NEW DELHI: Several agencies, media outlets and analysis firms have indicated that the US and Iran are discussing a compromise on Iran’s nuclear programme. If true, the compromise could break the deadlock that has come to characterize negotiations between Iran and the P5 + 1 (i.e., the US, Russia, China, UK and France, plus Germany).

The contention has been over Tehran’s refusal to meet the P5’s demands for deep cuts in the number of centrifuges it uses to enrich uranium. Iran is resisting on the grounds that its nuclear programme is peaceful and geared toward generating electricity and producing radioisotopes to treat cancer patients, whereas the US-led bloc is concerned about Iran’s intentions to use the process for military/defence.

With the deadline for negotiations fast approaching, the compromise reportedly involves allowing Iran keep much of its uranium-enriching technology but reduce its potential to make nuclear weapons.

While the details are sketchy at best, with a new round of negotiations scheduled for this week, other reports suggest that geopolitical considerations played a role in the compromise. According to Israeli officials, the decision to allow Iran to keep centrifuges is in exchange for maintaining regional stability in Iraq, Afghanistan, and Syria.

The Jerusalem Post reports, “According to EU officials, US Secretary of State John Kerry and his Iranian counterpart, Mohammad Javad Zarif, have discussed increasing the number of centrifuges which Iran would be permitted to keep. In exchange, the Iranians would undertake an obligation to bring their influence to bear in order to ensure quiet in Iraq, Afghanistan, and Syria.”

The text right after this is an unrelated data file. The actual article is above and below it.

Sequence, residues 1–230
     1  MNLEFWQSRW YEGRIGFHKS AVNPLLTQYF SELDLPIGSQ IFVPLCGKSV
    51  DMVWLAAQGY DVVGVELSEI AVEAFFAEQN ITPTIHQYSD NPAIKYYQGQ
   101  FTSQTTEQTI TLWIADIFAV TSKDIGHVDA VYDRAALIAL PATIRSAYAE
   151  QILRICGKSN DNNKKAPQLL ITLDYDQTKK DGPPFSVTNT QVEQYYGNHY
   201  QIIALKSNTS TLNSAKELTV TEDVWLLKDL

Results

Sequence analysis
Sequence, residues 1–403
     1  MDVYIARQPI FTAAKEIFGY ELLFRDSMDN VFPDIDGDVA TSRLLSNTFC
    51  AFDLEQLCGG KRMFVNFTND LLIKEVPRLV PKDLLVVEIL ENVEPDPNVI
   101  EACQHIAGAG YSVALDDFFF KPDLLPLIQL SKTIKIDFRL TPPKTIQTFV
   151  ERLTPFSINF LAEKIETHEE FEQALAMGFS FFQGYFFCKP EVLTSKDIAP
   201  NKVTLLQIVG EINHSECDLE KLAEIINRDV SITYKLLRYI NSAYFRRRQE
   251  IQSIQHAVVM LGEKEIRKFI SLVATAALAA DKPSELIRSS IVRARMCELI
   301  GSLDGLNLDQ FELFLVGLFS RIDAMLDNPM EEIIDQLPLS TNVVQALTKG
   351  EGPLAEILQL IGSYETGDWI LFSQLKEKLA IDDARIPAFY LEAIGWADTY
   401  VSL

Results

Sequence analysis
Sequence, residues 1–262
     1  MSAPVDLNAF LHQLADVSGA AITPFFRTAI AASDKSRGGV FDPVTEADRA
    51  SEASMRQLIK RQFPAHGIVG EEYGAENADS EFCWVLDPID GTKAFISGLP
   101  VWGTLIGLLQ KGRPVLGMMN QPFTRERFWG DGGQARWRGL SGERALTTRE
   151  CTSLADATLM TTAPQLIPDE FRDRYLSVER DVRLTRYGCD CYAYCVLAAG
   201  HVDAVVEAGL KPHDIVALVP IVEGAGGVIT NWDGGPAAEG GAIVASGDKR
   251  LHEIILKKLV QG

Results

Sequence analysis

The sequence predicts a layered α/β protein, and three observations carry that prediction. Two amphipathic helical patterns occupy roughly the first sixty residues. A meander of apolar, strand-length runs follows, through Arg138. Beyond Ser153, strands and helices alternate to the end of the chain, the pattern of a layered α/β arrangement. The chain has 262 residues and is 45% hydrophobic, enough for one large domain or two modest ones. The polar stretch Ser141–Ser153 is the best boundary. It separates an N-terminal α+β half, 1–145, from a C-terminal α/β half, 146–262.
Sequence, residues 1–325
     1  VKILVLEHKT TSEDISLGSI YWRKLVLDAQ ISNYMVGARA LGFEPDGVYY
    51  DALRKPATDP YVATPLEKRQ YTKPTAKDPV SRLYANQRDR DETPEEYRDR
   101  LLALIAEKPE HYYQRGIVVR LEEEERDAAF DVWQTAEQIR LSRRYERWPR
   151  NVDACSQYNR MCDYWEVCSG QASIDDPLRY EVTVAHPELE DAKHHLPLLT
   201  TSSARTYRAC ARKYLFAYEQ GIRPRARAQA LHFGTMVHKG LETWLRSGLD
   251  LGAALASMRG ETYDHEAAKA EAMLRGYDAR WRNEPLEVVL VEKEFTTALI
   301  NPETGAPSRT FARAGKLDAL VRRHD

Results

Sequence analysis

The reports come a few weeks after Iran and Afghanistan near the conclusion of a major bilateral strategic cooperation agreement that would see the two expand their trade and transportation links -- thereby increasing Iran’s influence, presence and interest in the South Asian nation. As Afghan President Ashraf Ghani met with Iranian Foreign Minister Jawad Zarif in Kabul the two countries agreed to focus on “cooperation on issues of counter-terrorism, drugs, refugees, economic links and transit trade.”

The reports also coincide with apparent tensions between the US and Pakistan -- the hitherto strategic ally of the US in the region. As the US and India strengthen ties, many analysts hypothesize that this is at the expense of Pakistan, as the latter’s commitment to battling militancy in the region is repeatedly being questioned.

Meanwhile, Iranian President Hassan Rouhani reiterated the position that Iran was not interested in producing a nuclear bomb, lashing out at the world’s nuclear powers for making the world less safe. “They tell us ‘we don’t want Iran to make atomic bombs’, you who have made atomic bombs,” Rouhani said in Isfahan, a city 400 kilometres south of Tehran. “Have you managed to bring about security for yourselves with atomic bombs? Have you managed to create security for the usurper Israel?” Rouhani said, adding “We don’t need an atomic bomb. We have a great, self-sacrificing and unified nation.”